Key Points:

New Zealand is definitely not a third world broadband market, and the Government is driving a 'revolution' in telecommunications, according to Communications Minister David Cunliffe.

This was the reaction when Cunliffe was presented with results from the recent Herald broadband speed survey - which provoked dozens of reader comments, and an uncanny number of 'third world' references.

"The Government and the Commerce Commission are well aware of the public's demand for cheaper, faster broadband," he said.

"The Government's comprehensive package of measures announced last May is aimed at this same goal. We are driving ahead to implement the new policies and address the next generation of issues and opportunities."

He believes that New Zealand's telecommunications infrastructure is still suffering from problems created by the previous Government.

"The biggest mistakes of previous regimes were to privatise Telecom without an effective regulatory framework in place, then for the previous National government to rely on light-handed regulation and not demand appropriate information disclosure.

"This Government has mounted nothing less than a revolution in telecommunications in this country," he said.

He said it was "not fair" to describe New Zealand broadband as 'third world', pointing out that the OECD (Organisation for Economic Co-operation and Development), which surveys internet speeds, is an association of first world countries.

New Zealand ranks 22nd out of the 30 countries in the international broadband ratings. The Government aim is to bump the country into the top 15 within the next three years.

A Statistics New Zealand ISP (internet service provider) study released last week showed that there are 724,600 broadband users.

"We can and will do better," he said, "but broadband is available to the vast majority of New Zealanders. Our target in the Digital Strategy is to be in the top half by 2010."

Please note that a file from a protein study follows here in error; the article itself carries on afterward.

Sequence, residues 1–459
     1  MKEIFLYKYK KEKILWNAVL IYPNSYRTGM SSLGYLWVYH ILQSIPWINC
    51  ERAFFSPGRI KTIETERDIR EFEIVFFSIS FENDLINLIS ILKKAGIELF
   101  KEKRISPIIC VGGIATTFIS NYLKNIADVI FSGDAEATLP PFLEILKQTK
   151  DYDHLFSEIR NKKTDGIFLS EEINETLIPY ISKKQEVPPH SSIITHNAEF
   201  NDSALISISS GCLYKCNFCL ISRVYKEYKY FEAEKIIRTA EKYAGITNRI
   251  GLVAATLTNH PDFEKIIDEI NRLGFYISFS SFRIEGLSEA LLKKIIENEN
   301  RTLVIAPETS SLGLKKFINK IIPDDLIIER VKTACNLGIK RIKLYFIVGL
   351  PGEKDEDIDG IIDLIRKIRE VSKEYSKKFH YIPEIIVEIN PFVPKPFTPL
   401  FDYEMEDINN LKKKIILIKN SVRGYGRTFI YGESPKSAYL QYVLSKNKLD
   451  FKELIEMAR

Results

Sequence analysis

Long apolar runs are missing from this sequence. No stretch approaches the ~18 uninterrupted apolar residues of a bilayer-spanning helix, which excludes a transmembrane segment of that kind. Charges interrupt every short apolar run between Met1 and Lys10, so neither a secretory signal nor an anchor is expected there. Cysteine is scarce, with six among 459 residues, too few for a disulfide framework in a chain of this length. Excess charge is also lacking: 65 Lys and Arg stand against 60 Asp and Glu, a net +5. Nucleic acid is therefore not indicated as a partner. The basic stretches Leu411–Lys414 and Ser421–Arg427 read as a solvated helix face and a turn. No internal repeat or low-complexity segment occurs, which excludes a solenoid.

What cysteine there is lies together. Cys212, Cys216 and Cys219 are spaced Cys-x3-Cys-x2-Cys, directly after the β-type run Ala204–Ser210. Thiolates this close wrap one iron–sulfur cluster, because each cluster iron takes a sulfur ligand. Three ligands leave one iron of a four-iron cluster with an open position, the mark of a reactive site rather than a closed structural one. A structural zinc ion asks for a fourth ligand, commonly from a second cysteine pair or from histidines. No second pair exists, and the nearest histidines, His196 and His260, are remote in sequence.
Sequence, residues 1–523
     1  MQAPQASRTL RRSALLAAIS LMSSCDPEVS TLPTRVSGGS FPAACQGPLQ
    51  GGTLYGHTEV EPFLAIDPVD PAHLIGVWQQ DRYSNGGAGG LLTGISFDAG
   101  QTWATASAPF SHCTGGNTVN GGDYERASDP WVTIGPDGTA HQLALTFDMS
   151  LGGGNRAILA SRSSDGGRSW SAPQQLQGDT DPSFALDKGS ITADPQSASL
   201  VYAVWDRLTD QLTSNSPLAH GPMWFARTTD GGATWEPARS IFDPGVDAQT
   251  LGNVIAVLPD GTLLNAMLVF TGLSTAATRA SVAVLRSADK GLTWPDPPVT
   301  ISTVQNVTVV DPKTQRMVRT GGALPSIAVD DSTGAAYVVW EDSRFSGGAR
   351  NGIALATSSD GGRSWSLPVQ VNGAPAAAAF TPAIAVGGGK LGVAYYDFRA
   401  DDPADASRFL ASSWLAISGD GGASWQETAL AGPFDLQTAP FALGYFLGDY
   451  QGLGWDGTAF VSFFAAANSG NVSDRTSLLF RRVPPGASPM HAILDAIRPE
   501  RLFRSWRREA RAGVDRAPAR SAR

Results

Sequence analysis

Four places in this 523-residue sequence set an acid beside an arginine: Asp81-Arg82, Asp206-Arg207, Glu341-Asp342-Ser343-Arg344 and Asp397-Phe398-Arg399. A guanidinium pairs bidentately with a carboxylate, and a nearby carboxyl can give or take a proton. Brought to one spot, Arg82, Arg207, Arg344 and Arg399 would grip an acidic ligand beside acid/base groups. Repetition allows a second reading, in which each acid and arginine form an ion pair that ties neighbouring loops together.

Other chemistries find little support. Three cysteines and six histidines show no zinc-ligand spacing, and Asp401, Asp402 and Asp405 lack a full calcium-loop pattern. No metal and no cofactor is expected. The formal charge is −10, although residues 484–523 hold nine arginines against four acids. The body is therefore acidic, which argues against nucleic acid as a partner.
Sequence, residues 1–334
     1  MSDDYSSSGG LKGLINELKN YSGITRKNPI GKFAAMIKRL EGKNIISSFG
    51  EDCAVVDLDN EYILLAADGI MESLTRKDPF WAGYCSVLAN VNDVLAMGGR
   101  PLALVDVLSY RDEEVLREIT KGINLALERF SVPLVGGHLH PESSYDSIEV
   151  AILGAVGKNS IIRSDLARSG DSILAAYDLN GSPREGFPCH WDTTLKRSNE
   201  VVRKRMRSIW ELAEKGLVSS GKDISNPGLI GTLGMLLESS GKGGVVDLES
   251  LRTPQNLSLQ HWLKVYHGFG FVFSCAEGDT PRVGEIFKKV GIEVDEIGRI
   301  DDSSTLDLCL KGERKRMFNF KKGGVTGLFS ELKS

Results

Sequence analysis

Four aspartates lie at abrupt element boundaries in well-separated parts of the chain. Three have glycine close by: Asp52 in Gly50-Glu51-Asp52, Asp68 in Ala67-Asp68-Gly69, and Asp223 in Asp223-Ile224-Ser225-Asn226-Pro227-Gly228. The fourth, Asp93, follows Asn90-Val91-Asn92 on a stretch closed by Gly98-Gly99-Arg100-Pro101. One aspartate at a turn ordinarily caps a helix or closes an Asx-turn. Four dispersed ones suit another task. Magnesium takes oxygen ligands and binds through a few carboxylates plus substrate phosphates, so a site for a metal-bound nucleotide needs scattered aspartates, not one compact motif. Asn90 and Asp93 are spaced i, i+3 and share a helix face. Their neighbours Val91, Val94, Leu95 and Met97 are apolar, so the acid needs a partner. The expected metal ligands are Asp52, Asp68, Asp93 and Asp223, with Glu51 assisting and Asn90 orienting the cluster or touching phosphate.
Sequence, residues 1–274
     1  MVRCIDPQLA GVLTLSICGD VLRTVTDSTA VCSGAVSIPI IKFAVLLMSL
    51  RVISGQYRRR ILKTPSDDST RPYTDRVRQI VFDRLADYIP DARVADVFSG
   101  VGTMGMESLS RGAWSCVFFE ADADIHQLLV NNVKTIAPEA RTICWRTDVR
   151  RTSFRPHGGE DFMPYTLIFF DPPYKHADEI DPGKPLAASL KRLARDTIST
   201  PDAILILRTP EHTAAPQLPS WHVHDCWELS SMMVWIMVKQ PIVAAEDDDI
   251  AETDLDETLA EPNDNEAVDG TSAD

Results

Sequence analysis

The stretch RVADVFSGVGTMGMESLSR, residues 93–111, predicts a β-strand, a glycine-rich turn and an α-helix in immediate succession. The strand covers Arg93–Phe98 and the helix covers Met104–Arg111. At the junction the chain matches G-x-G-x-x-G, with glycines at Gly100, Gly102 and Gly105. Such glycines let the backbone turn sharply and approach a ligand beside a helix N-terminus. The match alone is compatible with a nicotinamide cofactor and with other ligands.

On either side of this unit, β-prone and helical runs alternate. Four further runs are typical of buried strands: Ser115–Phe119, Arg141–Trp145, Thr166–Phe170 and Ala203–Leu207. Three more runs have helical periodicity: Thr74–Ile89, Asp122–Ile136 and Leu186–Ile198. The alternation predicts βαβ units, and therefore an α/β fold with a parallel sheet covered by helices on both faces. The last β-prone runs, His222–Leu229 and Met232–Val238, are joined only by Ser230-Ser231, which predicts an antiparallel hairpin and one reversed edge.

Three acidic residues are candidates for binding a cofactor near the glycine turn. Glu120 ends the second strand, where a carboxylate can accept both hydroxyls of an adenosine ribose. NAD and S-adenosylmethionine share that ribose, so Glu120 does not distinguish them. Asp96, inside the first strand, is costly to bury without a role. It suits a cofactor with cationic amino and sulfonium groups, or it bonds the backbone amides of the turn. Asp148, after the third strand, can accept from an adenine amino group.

Cunliffe says there are a number of changes on the way that will put New Zealand in better broadband stead - including local loop unbundling, which many see as the biggest impediment to faster internet connections.

"The Government has made a number of changes to the regulatory environment for the telecommunications sector aimed at improving competition and investment incentives," he explains.

"In addition to the Telecommunications Amendment Act, the Government is implementing the initiatives from the telecommunications stocktake, released in May 2006, to improve broadband access in New Zealand."

These initiatives include removing constraints on the existing Unbundled Bitstream Service, so ISP can offer faster upload speeds; encouraging investment in infrastructure like fibre, wireless and satellite networks, and developing a better package for rural subscribers.

It will also increase the Commerce Commission's role in monitoring Telecom and the rest of the industry to ensure a competitive market.

"The Government is actively monitoring service gaps and likely investment patterns. It is developing a range of possible scenarios and options to further progress the public interest."

When asked what New Zealanders should expect as a bare minimum for high speed internet, he replied that connections should be comparable to most other OECD countries.

He says the Government is committed to delivering faster online performance for urban and rural customers.

"To the extent that broadband is a contributor to economic growth we all want better broadband and this Government is determined to deliver on this.

"We expect all areas of the country to move forward towards our digital strategy goals."